Hiking Season 2017 Begins
April 8, 2017
Sites: , Deer, Rivers, Trails
Hiking season kicked in full gear with temperatures warming in Iowa. Rose and I ventured down to Palisades-Kepler State Park near Mount Vernon, Iowa. To say that the wildlife was active would be an understatement.
Park Background: Palisades Kepler State Park
In the late 1890s, James Sherman Minott acquired 160 acres of timberland on the Cedar River and built a spacious inn for the accommodation of visitors. He also established a boat rental and sold lots for the building of summer cottages. Many people took advantage of this and soon the population of the area numbered over 200. Afternoon outings on the Cedar River, capped by a quiet dinner at the combined log cabin restaurant, general store, and hotel, were common in the early 1900s. Noted American poet Carl Sandburg was a yearly visitor to the “Palisades” during the 1920s and 1930s.
In 1922, Palisades-Kepler State Park was established. Much of Minot’s original land had been acquired and the State Board of Conservation had taken special notice of the unique bold cliffs and proclaimed that “these palisades lining the Cedar River are quite special.” In September of 1928, the Board of Conservation accepted the gift of property from the estate of Louis H. Kepler, essentially doubling the size of the park. The Board added his name to the park name. Since that time, almost 700 acres have been added to Palisades-Kepler.
In July 1934, a Civilian Conservation Corps company was established at Palisades-Kepler. Three barracks and a mess hall were built; then, work started on the building of many park facilities. The roads, hiking trails, entry portals, lodge and other timber and stone structures remain to give the park much of its rustic character. The C.C.C. camp of 200 young men closed in 1941.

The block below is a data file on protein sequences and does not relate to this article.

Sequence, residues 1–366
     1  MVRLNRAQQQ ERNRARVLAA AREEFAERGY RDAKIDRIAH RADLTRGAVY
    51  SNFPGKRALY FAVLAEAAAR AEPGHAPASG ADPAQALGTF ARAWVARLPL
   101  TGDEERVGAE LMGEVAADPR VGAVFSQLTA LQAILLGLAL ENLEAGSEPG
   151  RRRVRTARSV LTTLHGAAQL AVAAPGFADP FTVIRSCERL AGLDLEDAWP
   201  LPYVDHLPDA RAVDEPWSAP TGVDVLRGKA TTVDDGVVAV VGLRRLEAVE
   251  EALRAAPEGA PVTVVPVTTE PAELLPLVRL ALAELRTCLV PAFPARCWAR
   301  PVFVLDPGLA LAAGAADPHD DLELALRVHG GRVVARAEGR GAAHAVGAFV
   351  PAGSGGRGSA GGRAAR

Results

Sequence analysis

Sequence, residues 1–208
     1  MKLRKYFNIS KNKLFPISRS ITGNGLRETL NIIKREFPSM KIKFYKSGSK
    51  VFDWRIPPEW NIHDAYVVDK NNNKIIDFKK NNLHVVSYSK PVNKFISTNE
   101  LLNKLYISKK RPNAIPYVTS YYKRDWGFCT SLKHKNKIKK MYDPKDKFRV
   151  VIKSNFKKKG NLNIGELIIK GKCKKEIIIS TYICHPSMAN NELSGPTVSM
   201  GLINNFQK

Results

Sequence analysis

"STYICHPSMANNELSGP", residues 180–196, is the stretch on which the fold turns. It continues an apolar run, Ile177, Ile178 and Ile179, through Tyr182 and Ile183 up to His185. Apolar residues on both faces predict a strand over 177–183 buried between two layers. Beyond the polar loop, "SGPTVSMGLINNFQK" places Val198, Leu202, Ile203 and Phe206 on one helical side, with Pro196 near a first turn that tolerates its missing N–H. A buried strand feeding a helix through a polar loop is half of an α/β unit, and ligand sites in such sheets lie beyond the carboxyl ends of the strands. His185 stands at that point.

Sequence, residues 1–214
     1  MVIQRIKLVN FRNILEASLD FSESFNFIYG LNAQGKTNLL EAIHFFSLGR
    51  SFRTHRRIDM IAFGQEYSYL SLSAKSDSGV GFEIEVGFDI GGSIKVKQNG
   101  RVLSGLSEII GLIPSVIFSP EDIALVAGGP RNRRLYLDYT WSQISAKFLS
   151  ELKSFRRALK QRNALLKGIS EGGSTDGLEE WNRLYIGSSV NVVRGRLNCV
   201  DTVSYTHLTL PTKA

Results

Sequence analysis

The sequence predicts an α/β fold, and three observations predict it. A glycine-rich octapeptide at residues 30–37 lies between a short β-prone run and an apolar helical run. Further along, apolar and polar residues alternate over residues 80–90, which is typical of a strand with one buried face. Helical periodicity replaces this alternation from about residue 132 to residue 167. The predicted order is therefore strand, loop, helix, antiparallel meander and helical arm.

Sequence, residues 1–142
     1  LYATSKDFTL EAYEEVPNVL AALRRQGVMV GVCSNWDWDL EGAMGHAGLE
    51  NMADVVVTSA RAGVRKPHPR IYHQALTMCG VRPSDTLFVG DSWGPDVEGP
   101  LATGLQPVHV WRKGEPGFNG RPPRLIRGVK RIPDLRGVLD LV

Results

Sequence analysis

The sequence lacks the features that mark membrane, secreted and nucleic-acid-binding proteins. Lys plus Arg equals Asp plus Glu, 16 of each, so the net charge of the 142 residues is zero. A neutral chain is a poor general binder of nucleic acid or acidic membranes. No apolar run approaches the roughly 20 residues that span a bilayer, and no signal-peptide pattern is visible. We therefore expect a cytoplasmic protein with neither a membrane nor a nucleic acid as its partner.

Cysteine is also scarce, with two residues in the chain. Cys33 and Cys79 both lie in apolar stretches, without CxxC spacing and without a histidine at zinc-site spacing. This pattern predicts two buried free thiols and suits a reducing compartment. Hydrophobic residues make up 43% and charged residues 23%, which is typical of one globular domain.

Mount Vernon, home of Cornell College, is located 4 miles east of the park. Cedar Rapids and Marion are located 12 miles west of the park. These cities provide a variety of shopping, recreation and church opportunities.
This morning, in addition to 13 bald eagles, there were dozens of large turkey vultures, a handful of yellow breasted woodpeckers, a couple dozen geese, and several deer enjoying the good weather.
One of the adults from this family pulled a stunt I had not seen before – they stood in the path, less than 50 feet from where we were walking, and blocked our path. This was a clear effort to give the family time to get down the hill. We just stood there quietly for five minutes or so, and they all went on with their day. The animals were very active, and it was difficult to get very many quality photographs, but I did take a picture during our brief stand off with this deer.